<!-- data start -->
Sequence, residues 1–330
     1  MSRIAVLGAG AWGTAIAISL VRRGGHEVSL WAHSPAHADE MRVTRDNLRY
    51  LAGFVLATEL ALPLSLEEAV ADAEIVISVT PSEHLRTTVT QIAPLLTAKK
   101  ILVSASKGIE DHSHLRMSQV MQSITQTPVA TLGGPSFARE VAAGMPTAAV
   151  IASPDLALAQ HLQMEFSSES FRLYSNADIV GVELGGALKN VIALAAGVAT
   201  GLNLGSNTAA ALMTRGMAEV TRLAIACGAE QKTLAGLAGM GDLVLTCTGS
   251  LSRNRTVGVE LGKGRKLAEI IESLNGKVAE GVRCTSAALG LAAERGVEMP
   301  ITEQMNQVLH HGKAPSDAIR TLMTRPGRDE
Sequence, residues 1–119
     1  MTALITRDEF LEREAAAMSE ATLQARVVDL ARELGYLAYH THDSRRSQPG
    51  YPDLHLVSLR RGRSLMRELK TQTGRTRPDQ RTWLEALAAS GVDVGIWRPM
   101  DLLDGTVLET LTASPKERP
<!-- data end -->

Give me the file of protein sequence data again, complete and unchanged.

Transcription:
Sequence, residues 1–330
     1  MSRIAVLGAG AWGTAIAISL VRRGGHEVSL WAHSPAHADE MRVTRDNLRY
    51  LAGFVLATEL ALPLSLEEAV ADAEIVISVT PSEHLRTTVT QIAPLLTAKK
   101  ILVSASKGIE DHSHLRMSQV MQSITQTPVA TLGGPSFARE VAAGMPTAAV
   151  IASPDLALAQ HLQMEFSSES FRLYSNADIV GVELGGALKN VIALAAGVAT
   201  GLNLGSNTAA ALMTRGMAEV TRLAIACGAE QKTLAGLAGM GDLVLTCTGS
   251  LSRNRTVGVE LGKGRKLAEI IESLNGKVAE GVRCTSAALG LAAERGVEMP
   301  ITEQMNQVLH HGKAPSDAIR TLMTRPGRDE
Sequence, residues 1–119
     1  MTALITRDEF LEREAAAMSE ATLQARVVDL ARELGYLAYH THDSRRSQPG
    51  YPDLHLVSLR RGRSLMRELK TQTGRTRPDQ RTWLEALAAS GVDVGIWRPM
   101  DLLDGTVLET LTASPKERP